According to birth order proponents, it's common for the middle child to be the forgotten one.  The oldest is the driven achiever, the middle one the easy-going, creative, and sometimes rebellious one, and the youngest the most charming and loving. In the Wine family, Karen's only interest in school was social. I became high achiever and detested the role. The elementary school we went to, Liberty Street School,  lacked even an elementary challenge for me. I got the highest academic marks possible with no effort. They say middle children don't put themselves out to achieve. In my upside down world and dumb school, not achieving would have required effort. As soon as I got my first report card, the label brain attached itself to me. I hated it.     What was the point of family kudos with all the ooing and ahing and bragging to neighbors over what I considered mindless?
While comic book characters like Dennis the Menace and even Archie hid their report cards from their parents because of failing grades, I hid my report cards because I couldn't stand idiotic praise. The day the report card was due back, I'd shove the back page in front of my mom, hand her a pen and say, "Sign here, please" hoping she'd mindlessly sign. But she'd immediately perk up, open the thing, and cluck.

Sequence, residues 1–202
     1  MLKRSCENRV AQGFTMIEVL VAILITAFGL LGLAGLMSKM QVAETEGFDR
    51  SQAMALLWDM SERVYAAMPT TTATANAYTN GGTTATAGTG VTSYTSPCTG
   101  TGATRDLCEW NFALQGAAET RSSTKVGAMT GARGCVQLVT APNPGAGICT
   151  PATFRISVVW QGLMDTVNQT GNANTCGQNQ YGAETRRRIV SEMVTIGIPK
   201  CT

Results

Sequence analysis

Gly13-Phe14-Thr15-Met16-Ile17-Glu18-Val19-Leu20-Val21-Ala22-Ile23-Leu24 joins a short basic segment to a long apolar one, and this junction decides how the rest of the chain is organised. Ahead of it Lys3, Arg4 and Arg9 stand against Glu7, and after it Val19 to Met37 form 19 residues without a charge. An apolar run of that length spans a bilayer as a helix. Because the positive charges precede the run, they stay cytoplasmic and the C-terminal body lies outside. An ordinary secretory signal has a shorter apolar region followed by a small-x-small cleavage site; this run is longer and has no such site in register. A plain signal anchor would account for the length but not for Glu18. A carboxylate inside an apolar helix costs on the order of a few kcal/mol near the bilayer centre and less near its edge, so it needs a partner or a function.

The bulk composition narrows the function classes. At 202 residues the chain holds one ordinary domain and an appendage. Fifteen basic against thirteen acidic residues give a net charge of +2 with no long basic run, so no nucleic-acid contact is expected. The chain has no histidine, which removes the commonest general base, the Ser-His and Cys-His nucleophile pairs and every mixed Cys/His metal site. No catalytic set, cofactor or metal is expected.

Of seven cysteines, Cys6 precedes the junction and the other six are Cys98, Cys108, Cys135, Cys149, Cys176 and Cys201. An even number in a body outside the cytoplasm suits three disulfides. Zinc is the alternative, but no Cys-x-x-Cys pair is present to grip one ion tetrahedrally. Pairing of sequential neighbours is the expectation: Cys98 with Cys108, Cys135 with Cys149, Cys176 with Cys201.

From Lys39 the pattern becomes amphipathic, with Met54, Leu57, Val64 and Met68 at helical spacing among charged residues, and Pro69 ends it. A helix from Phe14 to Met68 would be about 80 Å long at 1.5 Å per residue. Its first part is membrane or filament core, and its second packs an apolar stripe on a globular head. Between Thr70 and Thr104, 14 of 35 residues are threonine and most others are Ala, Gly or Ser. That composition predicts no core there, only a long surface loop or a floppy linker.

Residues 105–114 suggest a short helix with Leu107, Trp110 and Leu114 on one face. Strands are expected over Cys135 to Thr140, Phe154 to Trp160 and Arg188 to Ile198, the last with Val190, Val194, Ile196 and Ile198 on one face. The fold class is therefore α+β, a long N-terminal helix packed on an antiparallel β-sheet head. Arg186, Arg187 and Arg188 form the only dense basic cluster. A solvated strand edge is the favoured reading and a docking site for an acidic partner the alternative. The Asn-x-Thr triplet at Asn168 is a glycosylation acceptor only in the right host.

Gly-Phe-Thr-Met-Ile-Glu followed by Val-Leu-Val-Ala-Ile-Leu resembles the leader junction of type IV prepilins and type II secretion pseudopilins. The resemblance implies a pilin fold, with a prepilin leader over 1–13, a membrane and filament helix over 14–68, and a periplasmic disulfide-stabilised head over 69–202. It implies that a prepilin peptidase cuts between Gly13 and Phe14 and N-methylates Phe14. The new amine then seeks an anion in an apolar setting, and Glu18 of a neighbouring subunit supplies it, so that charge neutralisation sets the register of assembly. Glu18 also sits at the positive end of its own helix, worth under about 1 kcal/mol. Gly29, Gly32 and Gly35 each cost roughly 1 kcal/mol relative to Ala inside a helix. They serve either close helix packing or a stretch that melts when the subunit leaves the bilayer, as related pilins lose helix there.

"Honor, honor, honor, honor, honor, with satisfactory in Physical Education which doesn't count. Congratulations, darling. Have you shown your father?"
    I shrugged.
    "Show your father, dear. You know how proud he is of you."
Yeah, I thought, that's why he hits me every day.
    "What is the big deal, Ma? School is stupid. I get these moronic honor marks automatically without even trying. Don't congratulate me, okay? Congratulations are supposed to go to real achievements, not no-brainers. Do I deserve congratulations for breathing?"
    "Oh, Rowie, you're very smart. That's nothing to be ashamed of."
    "It's not that I'm ashamed of being smart although I admit I'm not sure I'm smart. I just think most of the kids in my class are dumb so I seem smart compared to them. What would make me really happy would be to learn to hit a softball and not be left standing like a jerk when teams are picked. If I could stop being a klutz and get a good mark in PE, then I'd deserve congratulations."     "Rowie, Rowie, Rowie," she'd say. "Any dope can hit a ball."